The Perseid meteor shower is at its maximum on the night of August 12 and into the early hours of August 13. Under favourable sky conditions you can generally expect to see somewhere between 60-100 meteors per hour.
The moon is not ideal this year in the early part of the night, but it does set around 12.30am on August 13, so late owls will have excellent dark skies from then on until at least 4am. If you are not a late owl it is still definitely worth heading out after dark. Before the Moon sets there is also a lovely alignment with Saturn and Mars to watch out for on the night of August 12.
Meteors are caused by small particles, typically the size of a grain of sand, burning up in the earth’s atmosphere. The Earth travels around the sun at 30km/s (108,000 km/h) and at this speed pretty much anything that gets in its way becomes super-heated very quickly and vaporised, burning brightly for a fraction of a second and giving the characteristic streak of a meteor.
Some meteors come from particles that are a little bigger and these burn more brightly and for longer, and if you’re lucky you might even see ones which break up into a dazzling spectacle that resembles a celestial firework.
Unfortunately, there is no way to predict when such a meteor might happen, so patience is the friend of the meteor watcher! In exceptional circumstances, where the particles are big enough they make it all the way through the Earth’s atmosphere and land on the ground. These are called “meteorites”. Meteorites are rare, but big ones can wreak havoc — just ask the dinosaurs. Every year we seem to hear that this year will be “the year” for the Perseid meteor shower, and this year is no exception. Predictions of up to 150 meteors per hour have been made and if they turn out to be correct then this will be truly a spectacular cosmic event.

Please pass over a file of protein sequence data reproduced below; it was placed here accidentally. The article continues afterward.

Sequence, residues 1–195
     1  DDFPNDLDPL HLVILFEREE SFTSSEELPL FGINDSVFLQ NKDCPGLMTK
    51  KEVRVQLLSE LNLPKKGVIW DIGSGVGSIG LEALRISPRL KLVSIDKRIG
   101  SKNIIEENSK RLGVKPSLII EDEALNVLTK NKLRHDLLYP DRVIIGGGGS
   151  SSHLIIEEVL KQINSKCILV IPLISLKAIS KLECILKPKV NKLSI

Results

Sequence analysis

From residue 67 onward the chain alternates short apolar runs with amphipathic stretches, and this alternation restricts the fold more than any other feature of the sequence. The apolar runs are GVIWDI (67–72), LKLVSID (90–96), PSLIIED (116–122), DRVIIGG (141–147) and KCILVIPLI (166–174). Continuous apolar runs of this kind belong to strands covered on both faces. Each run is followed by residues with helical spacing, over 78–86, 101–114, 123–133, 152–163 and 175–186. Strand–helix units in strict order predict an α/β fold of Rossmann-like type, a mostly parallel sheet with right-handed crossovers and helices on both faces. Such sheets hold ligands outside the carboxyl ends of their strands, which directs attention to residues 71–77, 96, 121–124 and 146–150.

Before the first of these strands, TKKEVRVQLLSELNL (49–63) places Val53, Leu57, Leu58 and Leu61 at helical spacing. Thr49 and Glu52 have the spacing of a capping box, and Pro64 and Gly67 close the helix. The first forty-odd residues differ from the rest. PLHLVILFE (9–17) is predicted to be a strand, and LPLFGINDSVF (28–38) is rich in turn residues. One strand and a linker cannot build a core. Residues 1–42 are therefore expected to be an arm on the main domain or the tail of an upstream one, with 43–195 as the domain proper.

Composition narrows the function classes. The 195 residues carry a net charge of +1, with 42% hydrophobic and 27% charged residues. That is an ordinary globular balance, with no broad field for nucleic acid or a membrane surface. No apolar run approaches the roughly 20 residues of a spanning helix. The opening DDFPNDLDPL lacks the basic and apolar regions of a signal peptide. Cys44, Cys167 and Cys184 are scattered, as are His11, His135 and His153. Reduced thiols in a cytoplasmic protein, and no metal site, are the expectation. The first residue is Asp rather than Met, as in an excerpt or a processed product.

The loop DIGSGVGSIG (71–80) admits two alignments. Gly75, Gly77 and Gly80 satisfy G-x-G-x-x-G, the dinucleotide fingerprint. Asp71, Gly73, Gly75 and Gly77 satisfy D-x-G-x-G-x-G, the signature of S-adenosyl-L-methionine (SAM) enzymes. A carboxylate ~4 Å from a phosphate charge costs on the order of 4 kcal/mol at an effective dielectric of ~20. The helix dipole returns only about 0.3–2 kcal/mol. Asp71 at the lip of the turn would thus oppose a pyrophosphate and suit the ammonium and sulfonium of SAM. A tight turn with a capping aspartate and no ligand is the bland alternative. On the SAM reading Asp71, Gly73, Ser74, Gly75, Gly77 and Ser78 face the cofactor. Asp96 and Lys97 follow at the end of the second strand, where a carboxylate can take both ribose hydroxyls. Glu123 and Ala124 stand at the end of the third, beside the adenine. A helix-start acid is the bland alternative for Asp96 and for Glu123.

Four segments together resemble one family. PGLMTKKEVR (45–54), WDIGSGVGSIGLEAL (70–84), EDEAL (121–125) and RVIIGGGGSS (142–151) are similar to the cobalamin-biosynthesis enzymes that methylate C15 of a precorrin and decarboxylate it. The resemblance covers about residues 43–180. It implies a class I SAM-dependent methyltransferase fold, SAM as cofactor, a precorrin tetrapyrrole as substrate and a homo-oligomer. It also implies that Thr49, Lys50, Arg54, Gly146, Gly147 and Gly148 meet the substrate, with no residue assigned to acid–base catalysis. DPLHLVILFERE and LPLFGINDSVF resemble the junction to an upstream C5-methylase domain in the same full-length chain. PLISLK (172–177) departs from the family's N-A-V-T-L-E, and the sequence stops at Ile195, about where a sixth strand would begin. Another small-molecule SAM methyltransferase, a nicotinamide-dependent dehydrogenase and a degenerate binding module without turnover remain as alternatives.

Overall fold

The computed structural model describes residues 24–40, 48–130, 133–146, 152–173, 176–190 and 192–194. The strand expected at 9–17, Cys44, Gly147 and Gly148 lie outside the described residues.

The best way, really the only way, to see meteors is with the naked eye. Meteor showers like the Perseids are named after the constellation from which they appear to originate. This is an optical illusion, but a handy one for the purposes of naming the showers. The Perseids appear to come from the constellation of Perseus, which is low on the northern horizon at sunset — but just look roughly overhead and away from the Moon for the best chance to see some.
As always, give your eyes five or six minutes to adapt to the dark if possible. (For further notes on the Perseids and more observing information see August’s SkyMatters Newsletter at www.bco.ie/skymatters.)
The second event to keep an eye open for is the close encounter between Jupiter and Venus just after sunset on the evening of August 27. This so-called “conjunction” will see the two planets separated by only 0.06 degrees, or 1/500th of the diameter of the full moon.
Meteors bring somewhere between 35,000-80,000 tons of new material to the Earth every year. Most is in the form of microscopic particles, but the odd few can be found as small rocks. Antarctica is a good place to look for meteorites because they are easily distinguishable against the white background of the snow and over the past 30 years more than 33,000 have been found there.